Want to keep learning?

This content is taken from the London School of Hygiene & Tropical Medicine & UK Public Health Rapid Support Team's online course, COVID-19: Tackling the Novel Coronavirus. Join the course to learn more.

Skip to 0 minutes and 12 secondsDAVID HEYMANN: I'm going to be talking about the International Health Regulations and the Public Health Emergency of International Concern.

Skip to 0 minutes and 24 secondsA PHEIC is a Public Health Emergency of International Concern-- P-H-E-I-C. And a PHEIC is a decision made by the director general on evidence that he collects from many different sources about a current infectious disease outbreak, whether or not it's unexpected and whether or not it's spreading internationally and might require a global effort to stop.

Skip to 0 minutes and 55 secondsWell, the PHEIC came about after the SARS outbreak in 2003, but it's a part of a long history of attempts to control the international spread of infectious diseases which began with the International Health Regulations in 1969. Those regulations were a treaty which required countries to report one of four diseases if it occurred in their country-- yellow fever, cholera, plague, and smallpox. At the same time, the regulations required that border posts in countries make sure that they didn't have any standing water or any possibility that vectors, such as insects or rodents, could breed at the entry points of people coming into the country.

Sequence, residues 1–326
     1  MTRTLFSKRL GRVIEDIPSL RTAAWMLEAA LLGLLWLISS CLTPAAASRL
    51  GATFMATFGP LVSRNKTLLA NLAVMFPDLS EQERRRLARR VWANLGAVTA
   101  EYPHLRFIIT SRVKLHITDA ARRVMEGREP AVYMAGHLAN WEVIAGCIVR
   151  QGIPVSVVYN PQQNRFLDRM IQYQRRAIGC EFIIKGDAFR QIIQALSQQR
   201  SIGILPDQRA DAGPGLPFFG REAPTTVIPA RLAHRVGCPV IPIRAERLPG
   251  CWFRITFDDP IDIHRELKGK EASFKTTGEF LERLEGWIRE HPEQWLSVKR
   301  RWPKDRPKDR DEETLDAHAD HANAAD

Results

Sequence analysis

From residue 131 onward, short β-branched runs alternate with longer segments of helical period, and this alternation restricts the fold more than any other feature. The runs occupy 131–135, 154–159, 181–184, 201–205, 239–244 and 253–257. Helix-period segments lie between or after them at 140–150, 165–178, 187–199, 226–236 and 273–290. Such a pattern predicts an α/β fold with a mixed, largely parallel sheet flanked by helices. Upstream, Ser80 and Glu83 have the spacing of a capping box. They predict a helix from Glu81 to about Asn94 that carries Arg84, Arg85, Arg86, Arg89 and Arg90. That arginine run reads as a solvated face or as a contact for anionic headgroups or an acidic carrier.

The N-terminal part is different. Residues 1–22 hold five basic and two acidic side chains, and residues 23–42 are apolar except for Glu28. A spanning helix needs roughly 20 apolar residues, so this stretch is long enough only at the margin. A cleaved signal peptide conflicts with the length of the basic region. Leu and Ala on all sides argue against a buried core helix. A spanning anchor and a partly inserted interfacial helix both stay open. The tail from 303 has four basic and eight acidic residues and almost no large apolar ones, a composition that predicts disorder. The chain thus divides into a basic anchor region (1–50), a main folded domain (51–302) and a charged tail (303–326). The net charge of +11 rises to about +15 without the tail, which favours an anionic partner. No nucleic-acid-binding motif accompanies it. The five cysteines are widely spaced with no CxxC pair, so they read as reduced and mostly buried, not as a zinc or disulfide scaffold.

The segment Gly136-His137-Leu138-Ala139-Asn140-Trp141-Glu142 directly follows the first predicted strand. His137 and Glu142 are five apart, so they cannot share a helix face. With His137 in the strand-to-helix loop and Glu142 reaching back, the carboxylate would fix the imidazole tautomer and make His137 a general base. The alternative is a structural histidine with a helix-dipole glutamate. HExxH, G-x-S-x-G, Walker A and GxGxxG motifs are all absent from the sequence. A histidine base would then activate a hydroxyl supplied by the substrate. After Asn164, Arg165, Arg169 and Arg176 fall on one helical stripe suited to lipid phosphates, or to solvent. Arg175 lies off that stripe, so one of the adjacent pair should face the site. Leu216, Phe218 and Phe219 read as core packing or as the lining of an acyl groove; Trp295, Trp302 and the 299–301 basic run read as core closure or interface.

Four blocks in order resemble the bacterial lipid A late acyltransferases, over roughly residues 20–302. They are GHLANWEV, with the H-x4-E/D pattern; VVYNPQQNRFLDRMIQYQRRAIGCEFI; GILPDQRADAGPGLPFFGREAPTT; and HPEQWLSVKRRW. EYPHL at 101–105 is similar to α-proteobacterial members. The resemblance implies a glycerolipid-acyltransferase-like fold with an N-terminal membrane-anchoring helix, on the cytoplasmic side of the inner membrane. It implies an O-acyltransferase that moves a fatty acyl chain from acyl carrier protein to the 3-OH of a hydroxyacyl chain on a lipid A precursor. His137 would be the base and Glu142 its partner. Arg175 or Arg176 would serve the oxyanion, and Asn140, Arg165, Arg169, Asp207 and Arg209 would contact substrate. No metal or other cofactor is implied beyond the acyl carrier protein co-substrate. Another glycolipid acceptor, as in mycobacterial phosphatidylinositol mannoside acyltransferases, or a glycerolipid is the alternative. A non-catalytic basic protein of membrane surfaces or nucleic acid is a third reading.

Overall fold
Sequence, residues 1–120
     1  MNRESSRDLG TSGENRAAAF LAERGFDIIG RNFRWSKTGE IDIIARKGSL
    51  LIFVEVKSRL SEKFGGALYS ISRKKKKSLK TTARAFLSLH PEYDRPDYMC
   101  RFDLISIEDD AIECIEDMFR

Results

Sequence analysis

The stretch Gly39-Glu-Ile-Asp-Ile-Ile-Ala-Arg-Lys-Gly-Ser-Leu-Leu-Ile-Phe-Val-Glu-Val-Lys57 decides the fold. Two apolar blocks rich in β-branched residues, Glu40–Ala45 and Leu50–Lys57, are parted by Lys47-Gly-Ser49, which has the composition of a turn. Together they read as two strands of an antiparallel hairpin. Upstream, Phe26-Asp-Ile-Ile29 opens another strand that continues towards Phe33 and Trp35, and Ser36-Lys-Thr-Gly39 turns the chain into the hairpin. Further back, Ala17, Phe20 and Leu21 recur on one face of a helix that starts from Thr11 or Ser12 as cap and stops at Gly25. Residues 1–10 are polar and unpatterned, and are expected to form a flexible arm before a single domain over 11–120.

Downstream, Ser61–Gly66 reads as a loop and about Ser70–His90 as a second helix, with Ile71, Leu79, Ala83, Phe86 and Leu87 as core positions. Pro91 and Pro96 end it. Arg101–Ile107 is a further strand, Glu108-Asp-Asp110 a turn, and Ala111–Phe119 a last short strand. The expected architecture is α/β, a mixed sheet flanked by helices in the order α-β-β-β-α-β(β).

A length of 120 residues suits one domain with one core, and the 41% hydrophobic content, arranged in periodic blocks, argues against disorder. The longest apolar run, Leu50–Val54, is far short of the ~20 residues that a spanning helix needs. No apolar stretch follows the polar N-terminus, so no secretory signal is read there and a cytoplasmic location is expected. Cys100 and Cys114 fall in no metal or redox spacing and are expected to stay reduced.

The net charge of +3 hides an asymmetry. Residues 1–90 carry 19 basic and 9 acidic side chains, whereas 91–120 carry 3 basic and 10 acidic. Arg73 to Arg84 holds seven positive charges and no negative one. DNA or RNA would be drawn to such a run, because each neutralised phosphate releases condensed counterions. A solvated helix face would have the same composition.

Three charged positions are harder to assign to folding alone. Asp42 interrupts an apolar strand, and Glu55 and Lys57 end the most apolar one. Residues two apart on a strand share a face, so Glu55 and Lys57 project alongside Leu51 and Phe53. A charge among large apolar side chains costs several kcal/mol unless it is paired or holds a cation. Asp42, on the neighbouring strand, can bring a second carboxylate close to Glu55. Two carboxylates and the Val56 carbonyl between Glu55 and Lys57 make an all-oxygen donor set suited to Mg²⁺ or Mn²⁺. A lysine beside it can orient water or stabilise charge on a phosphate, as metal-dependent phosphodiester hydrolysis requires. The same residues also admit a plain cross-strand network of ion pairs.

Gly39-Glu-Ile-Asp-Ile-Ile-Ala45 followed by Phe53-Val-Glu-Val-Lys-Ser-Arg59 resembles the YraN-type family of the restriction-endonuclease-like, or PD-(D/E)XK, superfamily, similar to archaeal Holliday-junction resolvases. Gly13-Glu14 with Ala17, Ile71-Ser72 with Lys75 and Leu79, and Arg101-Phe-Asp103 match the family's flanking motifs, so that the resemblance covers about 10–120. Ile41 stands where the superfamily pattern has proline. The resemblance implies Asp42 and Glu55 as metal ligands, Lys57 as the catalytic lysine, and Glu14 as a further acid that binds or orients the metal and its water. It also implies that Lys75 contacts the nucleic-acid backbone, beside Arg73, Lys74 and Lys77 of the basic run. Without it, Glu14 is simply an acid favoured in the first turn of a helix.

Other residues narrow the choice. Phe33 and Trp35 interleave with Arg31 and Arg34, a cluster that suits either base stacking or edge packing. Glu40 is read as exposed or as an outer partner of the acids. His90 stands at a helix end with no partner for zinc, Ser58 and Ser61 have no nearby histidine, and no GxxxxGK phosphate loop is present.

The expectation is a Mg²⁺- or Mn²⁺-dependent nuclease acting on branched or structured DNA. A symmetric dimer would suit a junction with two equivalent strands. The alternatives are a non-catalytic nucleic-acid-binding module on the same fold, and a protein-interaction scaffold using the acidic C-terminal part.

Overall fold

Skip to 1 minute and 44 secondsWhen countries reported to WHO about one of these four diseases, then WHO published this in its weekly epidemiological record. And countries that were receiving passengers on public conveyances from those countries could require certain things of those passengers, such as a yellow fever vaccination certificate, if yellow fever had been reported by the country from which they were travelling. It was recognised in the 1990s that really the regulations were invalid in many ways because you can't stop infectious disease at borders. It crosses in the incubation period and in many other ways. And, at the same time, those four diseases were not what was important in the world today.

Skip to 2 minutes and 28 secondsAlthough they were important, there are other important infections that were also-- had a potential to spread internationally, such as influenza or other infections. So the regulations were asked by the World Health Assembly of WHO to be revised and they were revised based on a way of working that WHO developed at that time which used modern communication technologies.

Skip to 2 minutes and 57 secondsInformation that's needed to determine whether a Public Health Emergency of International Concern is occurring is epidemiological information from countries where the events are occurring. It's also information about whether or not this could impact on travel and trade and whether it could spread internationally. Those are the criteria that are used because the regulations are really attempting to make sure that there's maximum public health security for populations with minimum interference in travel and trade.